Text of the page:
- Total returns to shareholders (TRS) continued to be weak for the entire sector, although they were two percentage points better than the second quarter for the sector as a whole (average second-quarter TRS versus average third-quarter TRS for assets, EPC, equipment, OFSE, and E&P) (Exhibit 6).
- EPC book-to-bill ratios continued to decrease in the third quarter of 2018, while the backlog for equipment companies remained relatively steady (Exhibit 7).
- Equipment. Revenues were up 2.3 percent compared with the second quarter and almost 19 percent compared with the third quarter of the previous year. In our opinion, this revenue increase doesn’t indicate a structural return to capital reinvestment. We continue to believe that for most OFSE subsectors economics still don’t justify capital reinvestment, and any growth witnessed by equipment manufacturers is a result of higher well-construction activity (versus capital rebuild), making the direction of revenue outlook less certain. While revenues grew for the subsector, margins increased only slightly by 0.9 percentage points. Weaker completion activities late in the quarter and cost pressures, due to increases in tariffs and raw-material costs, continued to weigh on sector performance.
- Assets. Revenue grew marginally by 1 percent compared with the previous quarter and almost 11 percent compared with the third quarter of the previous year. Most of this growth reflects the slight increase in offshore rig activity seen this quarter. Offshore vessel contract rates saw a marginal improvement in Southeast Asia, the Middle East, and the US Gulf of Mexico (the platform supply vessel sector, in particular), but they remain at very low levels. In the North Sea, the number of vessel fixtures started to dip toward the end of the third quarter as seasonal maintenance work in the area came to an end. Meanwhile, global offshore rig utilization remained relatively steady in the third quarter. As a result, most offshore drilling day rates also remained steady during the third quarter, albeit at low levels, with some improvements observed in day rates for ultradeep floaters in the US Gulf of Mexico, Africa, and Southeast Asia. Margins for the subsector increased by a small amount (1.2 percentage points versus the second quarter of this year).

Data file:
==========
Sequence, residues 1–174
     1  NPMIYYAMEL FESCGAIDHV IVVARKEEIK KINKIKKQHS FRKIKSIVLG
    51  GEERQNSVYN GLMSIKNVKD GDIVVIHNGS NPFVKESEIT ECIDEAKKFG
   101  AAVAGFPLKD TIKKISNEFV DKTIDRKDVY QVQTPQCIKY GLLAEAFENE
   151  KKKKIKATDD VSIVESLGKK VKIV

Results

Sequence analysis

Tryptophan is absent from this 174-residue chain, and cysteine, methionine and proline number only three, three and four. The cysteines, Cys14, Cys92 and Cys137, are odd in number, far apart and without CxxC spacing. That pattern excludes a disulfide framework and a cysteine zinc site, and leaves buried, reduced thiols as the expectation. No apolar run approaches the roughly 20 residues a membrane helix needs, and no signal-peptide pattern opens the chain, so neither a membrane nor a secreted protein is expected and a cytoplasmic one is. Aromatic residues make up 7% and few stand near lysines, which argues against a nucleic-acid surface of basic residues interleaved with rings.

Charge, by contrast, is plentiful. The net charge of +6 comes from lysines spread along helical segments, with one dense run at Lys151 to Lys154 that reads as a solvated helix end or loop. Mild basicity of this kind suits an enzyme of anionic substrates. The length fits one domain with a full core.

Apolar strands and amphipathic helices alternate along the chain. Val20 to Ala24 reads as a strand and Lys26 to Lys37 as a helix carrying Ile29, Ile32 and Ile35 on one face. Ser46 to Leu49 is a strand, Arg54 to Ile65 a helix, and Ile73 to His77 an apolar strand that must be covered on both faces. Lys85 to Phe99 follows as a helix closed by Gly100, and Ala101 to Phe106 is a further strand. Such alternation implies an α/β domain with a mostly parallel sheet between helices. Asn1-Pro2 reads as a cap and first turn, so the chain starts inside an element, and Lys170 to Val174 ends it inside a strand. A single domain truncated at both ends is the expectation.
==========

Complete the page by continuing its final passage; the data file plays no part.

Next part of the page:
- Services. Revenue saw a 1.4 percentage increase compared with the second quarter of this year and 11 percent compared with the third quarter of the previous year. Margins continued to improve at a slow rate, driven by some price increases that the sector was able to extract and ongoing efforts to improve productivity.
- Integrated companies. Revenue grew marginally by 1.7 percent compared with the previous quarter and 9 percent compared with the third quarter of the previous year. The revenue growth was uneven across product segments and geography. For example, directional drilling witnessed a rise in international revenue, while pressure pumping in US onshore was flat due to limited takeaway capacity in the Permian and the exhaustion of yearly capital expenditures. The higher revenue did not boost margins, which stayed flat due to lower pricing and higher pressure-pumping maintenance costs.
- EPC. Revenues for EPC firms were up almost 5 percent compared with the second quarter and relatively flat (up 1 percent) compared with the third quarter of the previous year. This revenue volatility is not atypical for the subsector, given the “lumpiness” in operators’ spend profiles. Margins edged up, helped by a rise in EPC book-to-bill ratios in the quarters leading up to the third quarter, although this slipped back slightly during the third quarter itself.
While the month of November has brought unexpected gloom in the market, we are hopeful that 2019 will turn out to be a better year than the previous few. We wish all our readers the very best for the upcoming holiday season and the New Year.